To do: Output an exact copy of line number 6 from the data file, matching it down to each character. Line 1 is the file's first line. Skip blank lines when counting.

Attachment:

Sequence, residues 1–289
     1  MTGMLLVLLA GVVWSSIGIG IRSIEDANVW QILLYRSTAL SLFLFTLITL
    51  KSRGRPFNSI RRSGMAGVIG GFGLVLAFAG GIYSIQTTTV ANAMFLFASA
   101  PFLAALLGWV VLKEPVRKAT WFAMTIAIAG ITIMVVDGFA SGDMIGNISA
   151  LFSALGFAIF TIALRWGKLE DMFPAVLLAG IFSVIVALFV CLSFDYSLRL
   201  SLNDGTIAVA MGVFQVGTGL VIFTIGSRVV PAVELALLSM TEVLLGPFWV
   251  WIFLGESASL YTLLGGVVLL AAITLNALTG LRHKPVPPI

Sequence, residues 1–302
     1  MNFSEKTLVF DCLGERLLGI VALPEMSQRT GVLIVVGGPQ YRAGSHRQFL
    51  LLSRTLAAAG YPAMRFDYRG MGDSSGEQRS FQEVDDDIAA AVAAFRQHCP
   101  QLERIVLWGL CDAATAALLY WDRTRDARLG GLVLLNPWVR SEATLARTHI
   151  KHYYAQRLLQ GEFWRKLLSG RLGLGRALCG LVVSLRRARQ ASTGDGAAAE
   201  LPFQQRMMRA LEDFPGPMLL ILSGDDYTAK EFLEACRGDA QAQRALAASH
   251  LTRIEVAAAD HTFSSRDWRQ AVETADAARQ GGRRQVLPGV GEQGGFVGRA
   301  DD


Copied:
   201  SLNDGTIAVA MGVFQVGTGL VIFTIGSRVV PAVELALLSM TEVLLGPFWV